ICW Cruising Resources

Resources We Depend Upon While Cruising the ICW
(Updated 1/3/2016 fixed links and grammar)

Ann and I have been in boating for over 30 years and our cruising territory has included Maine, Long Island Sound and the east coast ICW to Key West. We've often been asked what reference material or resources we use while cruising so I'll summarize what works best for us, your needs may be different. I won't cover the obvious like depth sounder, wind speed and direction, knotmeter, radar, etc. I will comment that set and calibrate your depth sounder to read the depth of the water, not the depth under the keel and not with a "safety factor". You always want to know the exact depth in units that map directly to your chart. So when you go over a 8 ft spot on the chart, it's comforting to see your depth meter read the same number when corrected for tide. You want to keep the mental gymnastics to as little as possible while negotiating shallow waters! The resources below are focussed on the use of a laptop on board. For similar iPad resources see Apple iPad on a Boat.

1 - Chartplotter
You really need to get a chartplotter when negotiating ICW's twists and turns. The path is not always obvious, to say the least. The chartplotter will point the way. Of course you always follow the markers but sometimes they are not obvious, a chartplotter helps greatly. I use a Garmin GPSMAP492 but any good chartplotter will do. I favor the Garmin line, they've been in business long enough to process a lot of feedback from boaters and improve their chartplotters as a result. They typically come preloaded with charts for the entire USA so there's no additional charts to buy.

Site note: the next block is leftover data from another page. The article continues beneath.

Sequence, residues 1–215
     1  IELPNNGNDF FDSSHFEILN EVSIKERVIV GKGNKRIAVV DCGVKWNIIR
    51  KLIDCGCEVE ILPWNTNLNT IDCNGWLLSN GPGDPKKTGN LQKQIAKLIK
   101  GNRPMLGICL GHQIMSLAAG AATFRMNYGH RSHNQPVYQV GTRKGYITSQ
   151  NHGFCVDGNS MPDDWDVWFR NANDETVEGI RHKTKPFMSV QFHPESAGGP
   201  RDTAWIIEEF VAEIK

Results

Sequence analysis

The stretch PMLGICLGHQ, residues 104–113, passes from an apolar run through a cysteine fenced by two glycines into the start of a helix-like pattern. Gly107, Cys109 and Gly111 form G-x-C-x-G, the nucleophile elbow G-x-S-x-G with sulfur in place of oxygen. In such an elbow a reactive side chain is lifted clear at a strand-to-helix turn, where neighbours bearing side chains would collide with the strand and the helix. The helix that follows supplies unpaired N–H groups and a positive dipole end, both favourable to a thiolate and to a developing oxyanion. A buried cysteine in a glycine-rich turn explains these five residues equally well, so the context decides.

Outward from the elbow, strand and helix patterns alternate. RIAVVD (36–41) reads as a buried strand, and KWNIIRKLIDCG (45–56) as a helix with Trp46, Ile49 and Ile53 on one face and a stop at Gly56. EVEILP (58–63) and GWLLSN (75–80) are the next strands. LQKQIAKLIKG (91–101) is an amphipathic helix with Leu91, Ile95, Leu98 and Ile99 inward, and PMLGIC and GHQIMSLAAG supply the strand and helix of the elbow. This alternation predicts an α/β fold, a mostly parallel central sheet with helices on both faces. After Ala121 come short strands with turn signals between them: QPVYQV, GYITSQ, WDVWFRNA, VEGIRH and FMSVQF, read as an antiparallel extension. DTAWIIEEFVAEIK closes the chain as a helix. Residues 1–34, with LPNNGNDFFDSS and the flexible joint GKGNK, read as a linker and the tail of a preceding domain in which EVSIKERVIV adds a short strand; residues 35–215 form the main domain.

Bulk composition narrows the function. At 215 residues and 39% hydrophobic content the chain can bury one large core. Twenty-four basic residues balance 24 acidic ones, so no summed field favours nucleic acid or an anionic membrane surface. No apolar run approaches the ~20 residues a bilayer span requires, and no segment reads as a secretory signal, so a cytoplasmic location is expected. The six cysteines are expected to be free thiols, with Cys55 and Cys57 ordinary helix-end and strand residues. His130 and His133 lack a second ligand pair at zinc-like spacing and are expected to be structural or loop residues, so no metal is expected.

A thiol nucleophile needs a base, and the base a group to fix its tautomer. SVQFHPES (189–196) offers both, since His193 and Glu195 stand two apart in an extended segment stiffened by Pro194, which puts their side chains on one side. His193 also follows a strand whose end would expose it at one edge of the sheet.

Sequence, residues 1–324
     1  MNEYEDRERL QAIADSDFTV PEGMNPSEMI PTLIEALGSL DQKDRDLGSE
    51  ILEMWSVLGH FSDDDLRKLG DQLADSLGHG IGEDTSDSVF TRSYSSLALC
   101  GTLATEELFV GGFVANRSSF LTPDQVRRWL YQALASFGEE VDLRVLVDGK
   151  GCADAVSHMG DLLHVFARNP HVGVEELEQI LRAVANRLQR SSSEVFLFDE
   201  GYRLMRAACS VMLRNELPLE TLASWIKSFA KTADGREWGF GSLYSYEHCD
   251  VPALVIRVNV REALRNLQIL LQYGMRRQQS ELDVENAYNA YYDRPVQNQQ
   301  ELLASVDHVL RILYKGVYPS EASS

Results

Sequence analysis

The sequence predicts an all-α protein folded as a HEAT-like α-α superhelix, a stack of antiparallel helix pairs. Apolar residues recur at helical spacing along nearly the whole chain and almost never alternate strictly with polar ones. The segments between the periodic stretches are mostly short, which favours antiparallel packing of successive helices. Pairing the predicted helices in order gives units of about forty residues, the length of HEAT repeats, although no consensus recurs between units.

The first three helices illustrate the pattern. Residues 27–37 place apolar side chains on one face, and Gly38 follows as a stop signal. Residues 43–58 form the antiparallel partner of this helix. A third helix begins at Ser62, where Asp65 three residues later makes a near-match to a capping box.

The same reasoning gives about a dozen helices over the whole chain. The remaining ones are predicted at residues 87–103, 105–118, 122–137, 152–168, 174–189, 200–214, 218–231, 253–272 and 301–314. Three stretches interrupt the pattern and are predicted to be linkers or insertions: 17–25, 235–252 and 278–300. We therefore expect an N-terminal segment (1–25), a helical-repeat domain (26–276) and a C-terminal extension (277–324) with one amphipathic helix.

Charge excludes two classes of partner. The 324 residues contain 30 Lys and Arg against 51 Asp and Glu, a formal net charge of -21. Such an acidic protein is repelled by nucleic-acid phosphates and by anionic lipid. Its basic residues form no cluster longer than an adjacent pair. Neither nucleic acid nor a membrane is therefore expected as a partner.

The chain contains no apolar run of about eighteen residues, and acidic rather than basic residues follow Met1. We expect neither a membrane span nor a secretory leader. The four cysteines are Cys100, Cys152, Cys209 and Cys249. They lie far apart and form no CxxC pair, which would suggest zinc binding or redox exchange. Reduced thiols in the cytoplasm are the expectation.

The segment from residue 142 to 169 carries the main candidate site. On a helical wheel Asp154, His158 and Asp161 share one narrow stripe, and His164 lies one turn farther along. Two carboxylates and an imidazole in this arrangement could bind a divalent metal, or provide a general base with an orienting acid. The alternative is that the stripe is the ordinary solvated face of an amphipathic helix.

2 - Active Captain
Without doubt, the Active Captain website is our number one reference while on the ICW. The website is free to join. It displays a NOAA chart with icons representing marinas, anchorages, hazards and local knowledge (inlets, approaches, etc.) What makes Active Captain unique is the input and constant updating by boaters of the site information. For example, the data on marinas is much more extensive than anywhere else (current price per ft for dockage, fuel prices, reviews by boaters who've been there and much more). You will often find a review just days before you make your choice for the night so the info is very current. Likewise, reviews for anchorages are overlayed on the NOAA chart for determining their exact location that includes reviews and any problems encountered by recent boaters. The information on whether there are places to take you pet for relief is invaluable. The hazard icons are right on the NOAA chart where a problem was encountered by a previous boater with details on the depth of the hazard and the nature of the problem encountered. All these icons can be updated with your new experiences so the information stays current. Plus, everything is located right on the NOAA chart. You don't have to plow through unrelated hazards for an area you will not be going through that day like some sites that group hazards by general area (e.g., all of North and South Carolina). Try the site out and explore, it's worth it.

3 - Waterway Guide
A well organized site for ICW information, I use it to supplement Active Captain.

4 - Cruisers Net